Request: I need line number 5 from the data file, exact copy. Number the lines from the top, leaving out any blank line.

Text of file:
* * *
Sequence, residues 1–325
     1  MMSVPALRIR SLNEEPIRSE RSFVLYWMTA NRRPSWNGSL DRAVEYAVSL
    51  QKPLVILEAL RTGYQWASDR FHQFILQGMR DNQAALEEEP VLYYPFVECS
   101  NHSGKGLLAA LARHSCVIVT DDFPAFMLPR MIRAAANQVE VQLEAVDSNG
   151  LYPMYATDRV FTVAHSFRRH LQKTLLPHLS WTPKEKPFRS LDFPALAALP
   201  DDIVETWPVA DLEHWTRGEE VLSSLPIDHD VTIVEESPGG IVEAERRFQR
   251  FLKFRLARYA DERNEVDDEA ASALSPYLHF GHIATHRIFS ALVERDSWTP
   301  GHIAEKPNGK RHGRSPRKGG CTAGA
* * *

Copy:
   151  LYPMYATDRV FTVAHSFRRH LQKTLLPHLS WTPKEKPFRS LDFPALAALP